This article was originally published in the Chronicle Herald’s weekly community papers and has been republished here with their permission.
Deep in the heart of suburban Halifax, on one of the most popular trails in the area, I managed to get completely lost. On top of that, my phone battery was on its last gasp and my walking companion couldn’t find a reliable signal on hers. Let me be a cautionary tale.
It started innocently enough. I invited a friend to join me on my walk and suggested the mild-mannered Hemlock Ravine Park, across from the rotunda on the Bedford Highway, just before you enter the town limits for Bedford. It’s probably best known for its charming heart shaped pond.
The pond was originally an oval shape and was built by Prince Edward. His grandson later reshaped it into a heart in the late 1800s to honour his grandfather’s sweetheart, Julie St. Laurent. It was under construction this summer to reinforce the 200-year-old structure. The work is completed now, though during our visit it had yet to be filled with water.
The park is 200 acres and has wide, crushed gravel paths with three main loops that are about one kilometre long each. It’s frequented by dog walkers, as there is an off-leash section of the park. There are lots of trail signs and maps, plenty of benches, bushes bursting with blackberries in the summer and it’s so quiet that it’s easy to forget you’re surrounded by houses and a school.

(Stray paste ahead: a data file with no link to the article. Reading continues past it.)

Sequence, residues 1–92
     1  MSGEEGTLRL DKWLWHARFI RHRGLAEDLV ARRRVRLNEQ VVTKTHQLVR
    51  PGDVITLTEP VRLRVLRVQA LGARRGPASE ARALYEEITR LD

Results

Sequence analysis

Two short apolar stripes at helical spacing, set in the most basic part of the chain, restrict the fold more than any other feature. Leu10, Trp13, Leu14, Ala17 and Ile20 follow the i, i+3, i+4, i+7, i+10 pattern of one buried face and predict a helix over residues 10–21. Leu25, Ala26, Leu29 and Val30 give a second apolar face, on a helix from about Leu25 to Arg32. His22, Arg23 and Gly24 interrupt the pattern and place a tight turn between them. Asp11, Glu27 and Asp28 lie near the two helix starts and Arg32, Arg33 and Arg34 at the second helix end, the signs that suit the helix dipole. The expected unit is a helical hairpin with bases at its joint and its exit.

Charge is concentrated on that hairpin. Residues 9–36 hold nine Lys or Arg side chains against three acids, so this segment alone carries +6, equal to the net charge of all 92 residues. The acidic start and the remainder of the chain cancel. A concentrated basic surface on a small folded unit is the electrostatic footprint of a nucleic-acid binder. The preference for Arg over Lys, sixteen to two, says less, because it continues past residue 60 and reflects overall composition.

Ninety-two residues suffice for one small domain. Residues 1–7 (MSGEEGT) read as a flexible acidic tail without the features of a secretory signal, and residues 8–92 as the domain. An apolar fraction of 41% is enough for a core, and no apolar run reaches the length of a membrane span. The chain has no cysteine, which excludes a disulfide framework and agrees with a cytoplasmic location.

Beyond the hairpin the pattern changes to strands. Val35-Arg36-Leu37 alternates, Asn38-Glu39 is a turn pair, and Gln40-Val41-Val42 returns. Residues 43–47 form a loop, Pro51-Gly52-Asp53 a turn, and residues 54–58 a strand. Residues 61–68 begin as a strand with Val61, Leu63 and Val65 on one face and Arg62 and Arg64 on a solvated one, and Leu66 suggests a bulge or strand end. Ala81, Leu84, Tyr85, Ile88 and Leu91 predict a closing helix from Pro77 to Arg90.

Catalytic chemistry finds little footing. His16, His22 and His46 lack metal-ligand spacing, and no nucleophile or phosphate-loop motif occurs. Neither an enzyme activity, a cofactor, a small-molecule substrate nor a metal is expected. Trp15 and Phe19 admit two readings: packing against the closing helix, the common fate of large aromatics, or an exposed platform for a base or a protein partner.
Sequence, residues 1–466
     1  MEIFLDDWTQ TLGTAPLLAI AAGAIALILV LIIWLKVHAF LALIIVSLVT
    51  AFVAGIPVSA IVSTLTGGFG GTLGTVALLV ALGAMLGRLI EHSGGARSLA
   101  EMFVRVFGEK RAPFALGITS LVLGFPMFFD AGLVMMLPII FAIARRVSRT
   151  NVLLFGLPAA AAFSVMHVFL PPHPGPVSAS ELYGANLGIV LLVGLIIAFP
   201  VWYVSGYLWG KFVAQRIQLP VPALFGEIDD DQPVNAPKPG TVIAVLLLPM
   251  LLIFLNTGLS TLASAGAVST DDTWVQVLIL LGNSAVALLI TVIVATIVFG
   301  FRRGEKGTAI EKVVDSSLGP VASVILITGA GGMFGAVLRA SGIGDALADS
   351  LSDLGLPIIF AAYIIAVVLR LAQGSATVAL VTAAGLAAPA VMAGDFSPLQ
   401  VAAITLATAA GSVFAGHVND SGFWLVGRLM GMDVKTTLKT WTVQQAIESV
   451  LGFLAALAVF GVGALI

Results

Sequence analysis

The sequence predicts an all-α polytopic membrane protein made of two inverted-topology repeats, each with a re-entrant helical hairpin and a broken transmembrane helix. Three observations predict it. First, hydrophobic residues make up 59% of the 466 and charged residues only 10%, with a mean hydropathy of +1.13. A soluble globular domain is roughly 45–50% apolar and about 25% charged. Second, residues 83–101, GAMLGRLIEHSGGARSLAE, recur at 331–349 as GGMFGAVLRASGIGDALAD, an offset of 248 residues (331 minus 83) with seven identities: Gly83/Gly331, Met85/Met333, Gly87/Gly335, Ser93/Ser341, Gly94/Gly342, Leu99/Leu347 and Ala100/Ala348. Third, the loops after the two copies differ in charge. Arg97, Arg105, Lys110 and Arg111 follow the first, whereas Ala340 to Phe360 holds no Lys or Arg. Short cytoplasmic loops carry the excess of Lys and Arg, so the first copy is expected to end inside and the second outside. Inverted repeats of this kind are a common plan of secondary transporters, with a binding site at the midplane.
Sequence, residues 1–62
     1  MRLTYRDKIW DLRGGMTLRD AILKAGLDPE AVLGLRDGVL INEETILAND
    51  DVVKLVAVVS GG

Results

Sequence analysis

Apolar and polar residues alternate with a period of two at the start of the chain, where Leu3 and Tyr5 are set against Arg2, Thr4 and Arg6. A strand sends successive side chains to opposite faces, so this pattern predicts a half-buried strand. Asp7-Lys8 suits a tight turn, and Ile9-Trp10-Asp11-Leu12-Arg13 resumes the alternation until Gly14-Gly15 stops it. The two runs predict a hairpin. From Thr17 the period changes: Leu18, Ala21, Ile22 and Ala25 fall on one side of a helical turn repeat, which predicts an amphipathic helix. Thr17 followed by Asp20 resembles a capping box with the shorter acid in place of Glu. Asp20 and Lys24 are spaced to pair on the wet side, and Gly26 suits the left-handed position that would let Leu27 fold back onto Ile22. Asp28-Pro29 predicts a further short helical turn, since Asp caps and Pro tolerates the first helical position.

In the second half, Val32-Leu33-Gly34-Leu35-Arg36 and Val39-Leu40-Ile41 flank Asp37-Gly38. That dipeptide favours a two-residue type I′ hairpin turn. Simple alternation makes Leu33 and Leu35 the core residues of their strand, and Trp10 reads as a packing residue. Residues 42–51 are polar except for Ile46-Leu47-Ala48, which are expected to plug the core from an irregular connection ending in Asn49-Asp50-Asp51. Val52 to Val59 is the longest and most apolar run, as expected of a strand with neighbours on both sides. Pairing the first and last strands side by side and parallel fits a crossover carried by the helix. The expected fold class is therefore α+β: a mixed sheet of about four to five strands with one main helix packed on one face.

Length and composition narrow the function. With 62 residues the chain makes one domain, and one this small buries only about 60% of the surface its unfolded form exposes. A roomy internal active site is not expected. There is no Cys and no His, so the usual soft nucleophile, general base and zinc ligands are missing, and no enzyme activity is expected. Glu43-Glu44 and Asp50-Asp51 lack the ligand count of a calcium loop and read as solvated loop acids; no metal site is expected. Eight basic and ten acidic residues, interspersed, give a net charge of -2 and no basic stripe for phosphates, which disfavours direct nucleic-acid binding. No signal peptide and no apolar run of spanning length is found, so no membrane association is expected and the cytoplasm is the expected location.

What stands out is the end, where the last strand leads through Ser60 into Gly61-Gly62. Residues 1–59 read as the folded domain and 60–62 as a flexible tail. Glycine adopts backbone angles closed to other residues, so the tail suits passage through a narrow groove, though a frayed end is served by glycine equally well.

I was feeling extra brave this day, as I had another person with me, so I suggested we check out the Ravine Trail despite my known ability for getting easily turned around in the woods.
I’d only ever stayed on the main trails and had never seen the actual ravines the park is named for. It’s on the maps but it technically “off the beaten path.” You know you’re there when the trail turns from gravel into dirt and then heads down a hill.
My initial reaction was that I couldn’t believe more people didn’t come down into the ravines.
There wasn’t a soul around and it was peaceful, quiet and urban nature at its best. We found a charming bridge made of large sticks and strolled along for quite some time before it started getting late and we turned back.
And that’s when we realized we didn’t know how to get out and we didn’t have technological backup to guide us there. The footpath leading down into the ravines wasn’t marked so we hiked up and down the hill multiple times looking for an exit, hitting a dead end each time.
We finally discovered the “path” up the hill when we spotted a section that had a bit of gravel mixed in with the dirt and made it successfully out of the ravines, giving each other a relieved high five that we didn’t need to figure out how to send out a smoke signal after all.
When we got in the car I plugged my phone into the charger, and vowed to check that it was charged up for future walks, but I think I’ll also be taking a crash course on old-fashioned compass reading in the near future, just to be safe.